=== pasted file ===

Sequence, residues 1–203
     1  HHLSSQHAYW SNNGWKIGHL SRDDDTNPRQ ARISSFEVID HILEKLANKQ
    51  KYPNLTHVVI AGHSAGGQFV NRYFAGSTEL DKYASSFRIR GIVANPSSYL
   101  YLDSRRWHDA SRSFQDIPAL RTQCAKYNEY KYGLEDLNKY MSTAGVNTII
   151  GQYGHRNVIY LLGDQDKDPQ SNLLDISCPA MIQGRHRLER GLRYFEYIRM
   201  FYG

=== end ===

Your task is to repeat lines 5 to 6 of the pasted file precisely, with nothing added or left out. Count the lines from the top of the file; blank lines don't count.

   151  GQYGHRNVIY LLGDQDKDPQ SNLLDISCPA MIQGRHRLER GLRYFEYIRM
   201  FYG